Why Did God Become Man?
By Andy Woods
The Christmas season is upon us again. Thus, it is fitting to reflect upon the true meaning of this time of the year, which is God’s entrance into our world. Specifically, at this time, we celebrate the Incarnation. Within this word “Incarnation,” we recognize the word carne, which means meat or flesh. (Someone who is carnivorous is a meat eater). Thus, the doctrine of the Incarnation represents the enfleshment of God. Here, God the Son added humanity to His eternally existent Deity so that He could become a man and dwell among us (John 1:1, 14). But why was it necessary for Christ to become man? At least seven reasons come to mind.1
First, God became man to pay the penalty for man’s sin. The penalty for sin is death (Rom 6:23). In other words, an innocent scapegoat must die in the place of the guilty in order for a holy God to unconditionally forgive sinful man (Gen 3:21; Heb 9:22). Yet the sin of Adam and Eve brought eternal consequences and permanent separation from God (Rom 5:12, 14). Thus, only eternal God could die to pay the penalty for the eternal barrier between God and man. How can God die since Deity cannot be subject to death? The only way for God to die is for Him to become a man.
Second, God became man to reverse man’s sinful condition. The first Adam through his one act of disobedience involving the Tree of Knowledge of Good and Evil universally cursed humanity and the world (Rom 5:12; 8:20-22). By contrast, Christ through His one act of obedience involving death on a tree or the cross of Calvary (Deut 21:22-23; Gal 3:13), brought universal blessing to the world. However, the only way for God to reverse the consequences ushered in by the first man was to become man Himself. Because Christ became a man to bring universal blessings and undo the universal damage ushered in by the first man, the Scripture consistently refers to Christ as the “last Adam” (1 Cor 15:45; see also Rom 5:18-19).
Third, God became man to exemplify how we are to treat each other. When we study the servant attitude and humility of God as He condescended to become a man, we see a prototype for how God wants us to treat each other. Thus, the strongest biblical statement of the Incarnation is found in a context where Paul seeks to use this doctrine to stop warring factions within the Philippian assembly (Philip 2:5-8; 4:2-3). When we see the role model of true service to others through the Incarnation, this informs us regarding the self-sacrificial attitude we are to have toward others (Mark 10:42-45).
Fourth, God became man to reveal the Father. Prior to the Incarnation, sinful man had corrupted the true understanding of God (Rom 1:18-19). In fact, humanity in general had never seen God (Exod 33:18-20; John 1:18a). There was no better way for God to restore the proper concept of God to man than by becoming one of us. Thus, the Scripture portrays the Incarnate Christ as the exact image of God (John 1:18b; 14:8-9; Heb 1:3; Col 1:15).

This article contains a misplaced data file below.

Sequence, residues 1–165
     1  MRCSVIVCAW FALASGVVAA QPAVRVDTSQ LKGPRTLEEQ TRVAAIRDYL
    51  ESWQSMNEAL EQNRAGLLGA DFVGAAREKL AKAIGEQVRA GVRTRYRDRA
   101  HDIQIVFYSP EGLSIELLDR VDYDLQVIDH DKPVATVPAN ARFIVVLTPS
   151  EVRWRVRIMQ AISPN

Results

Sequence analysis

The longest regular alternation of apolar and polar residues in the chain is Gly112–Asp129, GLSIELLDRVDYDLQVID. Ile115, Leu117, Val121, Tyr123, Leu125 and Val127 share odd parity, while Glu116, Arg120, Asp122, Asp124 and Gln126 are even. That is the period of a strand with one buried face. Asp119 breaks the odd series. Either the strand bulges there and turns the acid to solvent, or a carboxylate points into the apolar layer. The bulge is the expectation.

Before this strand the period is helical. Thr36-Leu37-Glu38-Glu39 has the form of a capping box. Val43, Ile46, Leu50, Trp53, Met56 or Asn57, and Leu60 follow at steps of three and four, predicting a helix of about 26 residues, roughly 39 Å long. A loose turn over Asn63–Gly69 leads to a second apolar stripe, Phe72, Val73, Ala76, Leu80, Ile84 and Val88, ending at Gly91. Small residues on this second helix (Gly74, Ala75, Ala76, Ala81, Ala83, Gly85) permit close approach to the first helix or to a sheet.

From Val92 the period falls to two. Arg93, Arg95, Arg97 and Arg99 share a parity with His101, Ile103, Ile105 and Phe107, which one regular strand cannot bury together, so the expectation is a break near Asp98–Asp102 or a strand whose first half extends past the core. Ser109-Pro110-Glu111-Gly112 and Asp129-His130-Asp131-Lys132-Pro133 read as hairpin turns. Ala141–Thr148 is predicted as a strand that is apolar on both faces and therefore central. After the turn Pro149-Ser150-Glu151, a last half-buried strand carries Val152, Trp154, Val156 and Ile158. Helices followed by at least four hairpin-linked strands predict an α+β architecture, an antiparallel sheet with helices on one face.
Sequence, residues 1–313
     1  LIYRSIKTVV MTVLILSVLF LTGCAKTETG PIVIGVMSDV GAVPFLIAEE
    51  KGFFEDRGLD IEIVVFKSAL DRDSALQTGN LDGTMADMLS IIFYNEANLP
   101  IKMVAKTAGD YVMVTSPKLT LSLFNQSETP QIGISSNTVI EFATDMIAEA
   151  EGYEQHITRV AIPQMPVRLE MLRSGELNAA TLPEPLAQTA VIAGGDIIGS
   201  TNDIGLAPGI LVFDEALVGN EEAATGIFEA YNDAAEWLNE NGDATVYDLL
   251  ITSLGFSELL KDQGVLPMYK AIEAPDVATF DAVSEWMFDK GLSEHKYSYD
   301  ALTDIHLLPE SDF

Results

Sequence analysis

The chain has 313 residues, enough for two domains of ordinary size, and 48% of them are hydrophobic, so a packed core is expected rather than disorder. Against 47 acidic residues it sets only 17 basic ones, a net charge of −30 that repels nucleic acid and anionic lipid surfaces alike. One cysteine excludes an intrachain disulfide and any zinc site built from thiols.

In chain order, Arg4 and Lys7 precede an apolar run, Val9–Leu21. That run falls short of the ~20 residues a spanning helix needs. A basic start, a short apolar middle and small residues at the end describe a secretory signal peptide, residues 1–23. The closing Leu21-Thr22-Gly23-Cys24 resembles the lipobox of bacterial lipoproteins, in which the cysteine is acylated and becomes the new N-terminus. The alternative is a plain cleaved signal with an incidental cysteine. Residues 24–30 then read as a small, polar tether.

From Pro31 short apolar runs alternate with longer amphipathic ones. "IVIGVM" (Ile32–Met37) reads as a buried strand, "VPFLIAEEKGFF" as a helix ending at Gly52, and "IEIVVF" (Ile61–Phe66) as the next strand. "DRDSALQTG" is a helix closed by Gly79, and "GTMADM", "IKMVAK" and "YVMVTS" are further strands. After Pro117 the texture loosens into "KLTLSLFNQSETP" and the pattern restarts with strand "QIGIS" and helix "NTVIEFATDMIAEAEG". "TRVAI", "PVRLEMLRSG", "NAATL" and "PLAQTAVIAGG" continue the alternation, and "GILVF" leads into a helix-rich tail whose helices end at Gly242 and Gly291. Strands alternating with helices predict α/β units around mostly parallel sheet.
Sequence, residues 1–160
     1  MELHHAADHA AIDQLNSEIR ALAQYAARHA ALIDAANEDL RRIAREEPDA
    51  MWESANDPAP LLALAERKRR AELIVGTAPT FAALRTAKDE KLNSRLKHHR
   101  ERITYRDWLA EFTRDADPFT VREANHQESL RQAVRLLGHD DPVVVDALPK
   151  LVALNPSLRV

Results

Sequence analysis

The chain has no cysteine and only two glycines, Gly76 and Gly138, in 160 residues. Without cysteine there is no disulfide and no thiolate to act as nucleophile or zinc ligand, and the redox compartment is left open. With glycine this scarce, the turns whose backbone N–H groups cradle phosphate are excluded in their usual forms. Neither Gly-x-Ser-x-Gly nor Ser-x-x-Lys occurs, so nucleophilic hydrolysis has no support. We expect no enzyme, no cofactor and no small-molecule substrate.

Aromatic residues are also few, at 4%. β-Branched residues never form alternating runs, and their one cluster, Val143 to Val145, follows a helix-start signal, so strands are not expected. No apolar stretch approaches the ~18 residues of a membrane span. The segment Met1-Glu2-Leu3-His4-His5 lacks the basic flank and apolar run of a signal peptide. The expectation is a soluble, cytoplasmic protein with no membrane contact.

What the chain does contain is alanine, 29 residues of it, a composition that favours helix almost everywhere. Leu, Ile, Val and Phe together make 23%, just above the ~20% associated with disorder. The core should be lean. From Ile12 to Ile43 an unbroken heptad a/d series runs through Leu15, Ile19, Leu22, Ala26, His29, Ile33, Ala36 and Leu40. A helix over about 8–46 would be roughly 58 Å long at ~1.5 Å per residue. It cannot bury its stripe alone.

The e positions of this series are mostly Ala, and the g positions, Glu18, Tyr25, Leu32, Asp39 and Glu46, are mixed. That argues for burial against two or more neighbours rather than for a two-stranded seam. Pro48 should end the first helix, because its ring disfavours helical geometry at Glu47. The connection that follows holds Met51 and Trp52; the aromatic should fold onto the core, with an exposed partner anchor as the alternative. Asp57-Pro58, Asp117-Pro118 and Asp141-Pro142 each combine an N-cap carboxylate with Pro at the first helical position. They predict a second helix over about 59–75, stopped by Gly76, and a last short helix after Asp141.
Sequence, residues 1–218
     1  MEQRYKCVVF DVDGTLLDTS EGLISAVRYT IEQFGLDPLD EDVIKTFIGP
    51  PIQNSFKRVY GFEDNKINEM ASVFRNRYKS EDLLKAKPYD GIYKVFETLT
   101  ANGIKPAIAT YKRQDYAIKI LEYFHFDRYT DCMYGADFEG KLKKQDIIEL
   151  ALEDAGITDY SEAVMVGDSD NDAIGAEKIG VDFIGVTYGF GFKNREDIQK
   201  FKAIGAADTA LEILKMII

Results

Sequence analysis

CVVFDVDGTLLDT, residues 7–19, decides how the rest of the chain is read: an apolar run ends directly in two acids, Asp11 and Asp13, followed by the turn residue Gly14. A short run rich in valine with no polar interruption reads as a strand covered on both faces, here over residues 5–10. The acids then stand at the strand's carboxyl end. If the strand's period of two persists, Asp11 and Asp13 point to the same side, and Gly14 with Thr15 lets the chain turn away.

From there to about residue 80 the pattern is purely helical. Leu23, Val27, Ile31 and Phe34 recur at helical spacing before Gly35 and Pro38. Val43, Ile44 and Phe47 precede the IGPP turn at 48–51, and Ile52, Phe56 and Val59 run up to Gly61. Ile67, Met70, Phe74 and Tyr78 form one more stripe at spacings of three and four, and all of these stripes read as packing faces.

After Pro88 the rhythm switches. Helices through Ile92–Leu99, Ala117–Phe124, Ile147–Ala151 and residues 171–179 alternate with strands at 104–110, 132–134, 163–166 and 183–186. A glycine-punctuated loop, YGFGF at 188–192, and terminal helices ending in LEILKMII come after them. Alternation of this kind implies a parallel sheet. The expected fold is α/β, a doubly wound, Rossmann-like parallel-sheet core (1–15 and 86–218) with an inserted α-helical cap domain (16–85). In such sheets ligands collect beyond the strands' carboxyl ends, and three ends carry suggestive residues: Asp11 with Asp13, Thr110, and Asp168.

Fifth, God became man to be our Kinsman Redeemer. In the Old Testament, the redeemer was always the next of kin or the nearest relative known as the kinsman redeemer. For example, if someone’s property went into foreclosure, it was the responsibility of the nearest relative to pay the mortgage so that the property could remain in the family (Lev 25:25). Similarly, if a childless woman was widowed, it was the responsibility of her unmarried brother-in-law who was the nearest relative to marry and impregnate her so that the family line of his deceased brother could continue (Deut. 25:5-10). This arrangement, known as Levirate Marriage (Gen 38:8-9; Matt 22:23-33), explains why Boaz married Ruth. He did so because he was the next of kin or the nearest willing relative (Ruth 2:20; 4:4, 6). Christ’s Incarnation richly fulfills this Old Testament typology. As a man, He is a close relative to us and thus is qualified to be our kinsman redeemer.
Sixth, God became man to become our merciful High Priest. The function of a priest is to minister to those under His authority. Christ’s Incarnation qualified Him to do so since He has stood in our shoes and experienced both trials (Heb 2:18) and temptations (Heb 4:15) as a man. In His Incarnation, He experienced all of the limitations of humanity including labor (Mark 6:3), extreme distress (Luke 22:44), trouble (John 12:27), thirst (John 19:28), hunger (Matt 4:2), fatigue (John 4:6), grief (John 11:35), and even lack of understanding (Matt 24:36). As a man, He was also pushed to the furthest degree a human being has ever been pushed in the only three ways that temptation comes: lust of the flesh, lust of the eye, and the pride of life (1 John 2:16; Gen 3:6; Luke 4:1-13). Thus, Christ’s Incarnation qualified Him to minister to us as a high priest in the midst of tribulations and temptations since He has gone through what we experience and far worse.
Seventh, God became man in order to become the mediator between God and man. A mediator represents both parties in a dispute. In the midst of his adversities, Job’s complaint was that He could not represent his interests adequately before God since He was not God himself. He complained, “For He is not a man as I am that I may answer Him, that we may go to court together. There is no umpire between us, who may lay his hand upon us both” (Job 9:32-33). Yet because Christ’s incarnation made Him both man and God, He alone is qualified to be our Mediator to God (1 Tim 2:5). He is the unique God-Man who alone is capable of bridging the gap between God and man.
During the hectic nature of this Christmas season, let us take time to reflect upon the true meaning of the season: the Incarnation of our Lord Jesus Christ.
Originally Published in 2011.